IM is often observed in esophageal cancer but quite rarely in rectal cancer. IM of the esophageal cancer was first reported by Watson in 1933 , and the frequency of IM has been reported to be about 10–15 % in advanced esophageal cancers [1–3]. The prognosis in esophageal cancer with IM was poor because of higher frequencies of lymph node and distant metastases [1–3]. In rectal cancer, lymphovascular invasion beyond the primary lesion is termed to be microscopic distal intramural spread (DIS). According to previous studies, DIS occurs in 10–40 % of rectal cancer, is significantly associated with lymph node and distant metastases, and is a risk factor for local recurrence and poor prognosis [6–8]. When DIS occurs, it is usually within 2.0 cm of the tumor [6–8]. As a result, a 2-cm distal margin has become acceptable for resection of rectal cancer. IM in esophageal cancer has been interpreted to be caused by lymphovascular invasion into the submucosal layer. In the present case, histological findings demonstrated invasion of the rectal cancer into the submucosal layer (T1) with severe lymphovascular invasion, a submucosal tumor consisting of cancer cells within the muscularis propria, and the tumor emboli within vascular vessels surrounding the submucosal tumor. Therefore, the submucosal tumor was assumed to represent IM via vascular invasion of tumor cells. To the best of our knowledge, this is the first report of T1 rectal cancer with IM.
The management of rectal cancer has become increasingly complex. Presently, three major curative surgical interventions are available: local excision, sphincter-preserving surgery, and abdominoperineal resection. Indications for local excision that preserves anal sphincter anatomy and function include small T1 lesions. However, the use of local excision is limited by an inability to assess regional lymph nodes and uncertainty of oncologic outcome. According to guidelines issued by the Japanese Society for Cancer of the Colon and Rectum (JSCCR) in 2010, the criteria for identifying curable T1 colorectal cancer after endoscopic resection were well/moderately differentiated of papillary histologic grade, no vascular invasion, submucosal invasion depth less than 1000 μm, and tumor budding grade 1 (low grade) . The local recurrence rate in patients with T1 rectal cancer following resection is in the range of 4–14 % at 5 years [10–12]. In the present case, sphincter-preserving surgery (i.e., laparoscopic ISR) was considered to be adequate considering the distance of submucosal invasion depth and severe lymphovascular invasion. The prognosis of esophageal cancer with IM is exceedingly poor with a survival rate of 9 % at 5 years and a median survival time of 0.7 years , which made IM one of the poor prognostic factors. Although there is a lack of consensus regarding treatment strategies, IM in rectal cancer may be a poor prognostic factor as in esophageal cancer. In the present case, postoperative adjuvant chemotherapy was done due to the patient’s desire. Regarding the strategy of rectal cancer with IM, further studies are required to facilitate the development of treatment strategies for rectal cancer with IM.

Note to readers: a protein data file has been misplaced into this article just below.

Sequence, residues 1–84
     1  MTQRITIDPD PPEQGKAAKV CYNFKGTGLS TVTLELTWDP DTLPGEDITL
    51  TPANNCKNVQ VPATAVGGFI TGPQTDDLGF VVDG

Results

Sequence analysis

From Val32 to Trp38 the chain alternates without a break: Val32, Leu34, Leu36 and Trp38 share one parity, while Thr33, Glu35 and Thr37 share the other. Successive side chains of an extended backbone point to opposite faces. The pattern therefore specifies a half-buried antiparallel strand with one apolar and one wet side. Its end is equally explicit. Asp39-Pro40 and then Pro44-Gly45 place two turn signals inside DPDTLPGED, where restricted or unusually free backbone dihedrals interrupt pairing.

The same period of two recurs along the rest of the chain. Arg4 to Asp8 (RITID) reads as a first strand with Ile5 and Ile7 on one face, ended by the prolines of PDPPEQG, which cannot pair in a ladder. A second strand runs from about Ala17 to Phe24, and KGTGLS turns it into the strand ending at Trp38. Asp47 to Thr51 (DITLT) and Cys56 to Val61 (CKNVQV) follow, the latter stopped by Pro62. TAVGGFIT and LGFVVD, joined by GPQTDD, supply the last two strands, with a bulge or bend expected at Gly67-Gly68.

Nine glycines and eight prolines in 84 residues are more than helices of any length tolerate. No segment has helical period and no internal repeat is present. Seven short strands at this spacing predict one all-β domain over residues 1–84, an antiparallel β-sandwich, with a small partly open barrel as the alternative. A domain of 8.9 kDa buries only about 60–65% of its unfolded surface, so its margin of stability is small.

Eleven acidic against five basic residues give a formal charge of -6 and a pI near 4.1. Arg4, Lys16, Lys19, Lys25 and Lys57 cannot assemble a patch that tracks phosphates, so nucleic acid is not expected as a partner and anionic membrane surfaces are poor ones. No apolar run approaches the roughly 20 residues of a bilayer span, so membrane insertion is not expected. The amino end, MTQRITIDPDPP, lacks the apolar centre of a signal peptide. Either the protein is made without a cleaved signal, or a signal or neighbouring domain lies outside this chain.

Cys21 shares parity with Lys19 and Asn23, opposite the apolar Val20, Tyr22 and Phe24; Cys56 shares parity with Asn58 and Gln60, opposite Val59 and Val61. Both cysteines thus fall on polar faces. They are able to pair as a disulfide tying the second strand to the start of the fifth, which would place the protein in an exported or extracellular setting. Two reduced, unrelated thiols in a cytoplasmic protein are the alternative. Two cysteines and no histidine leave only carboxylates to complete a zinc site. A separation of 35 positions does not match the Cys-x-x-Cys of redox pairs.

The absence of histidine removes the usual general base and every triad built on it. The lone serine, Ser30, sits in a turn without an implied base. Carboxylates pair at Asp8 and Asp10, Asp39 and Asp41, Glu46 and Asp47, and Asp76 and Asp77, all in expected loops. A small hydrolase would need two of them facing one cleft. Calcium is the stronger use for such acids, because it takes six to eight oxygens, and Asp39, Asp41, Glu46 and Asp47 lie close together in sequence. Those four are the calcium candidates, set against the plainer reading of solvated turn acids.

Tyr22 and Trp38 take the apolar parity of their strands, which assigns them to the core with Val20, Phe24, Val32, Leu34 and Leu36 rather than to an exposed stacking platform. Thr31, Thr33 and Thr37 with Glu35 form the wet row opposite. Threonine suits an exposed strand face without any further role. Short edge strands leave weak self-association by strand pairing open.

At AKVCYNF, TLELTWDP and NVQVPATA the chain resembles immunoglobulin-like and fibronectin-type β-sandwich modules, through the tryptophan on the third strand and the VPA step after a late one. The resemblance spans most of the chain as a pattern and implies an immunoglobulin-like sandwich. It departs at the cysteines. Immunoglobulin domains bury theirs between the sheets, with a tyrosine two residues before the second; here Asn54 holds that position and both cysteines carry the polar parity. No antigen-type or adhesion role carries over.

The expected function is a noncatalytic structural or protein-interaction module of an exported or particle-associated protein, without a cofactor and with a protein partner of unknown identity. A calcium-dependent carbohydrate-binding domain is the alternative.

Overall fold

We report a case of rectal cancer with IM. IM of rectal cancer is extremely rare; however, careful observation of the residual rectum around the primary tumor should be conducted, even in early rectal cancer. Preoperative diagnosis of IM may help to decide therapeutic strategy.
Written informed consent was obtained from the patient for publication of this case report and any accompanying images. A copy of the written consent is available for review by the Editor-in-Chief of the journal.
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The authors declare that they have no competing interests.
KT analyzed and interpreted the patient data. KT and KK were major contributors in writing the manuscript. SH, MY, JK, and YS gave the useful comment of this manuscript. All authors read and approved the final manuscript.
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Toda, K., Kawada, K., Hasegawa, S. et al. Intramural metastasis of T1 rectal cancer: report of a case report. World J Surg Onc 13, 337 (2015). https://doi.org/10.1186/s12957-015-0749-5
- Rectal cancer
- Intramural metastasis
- Submucosal tumor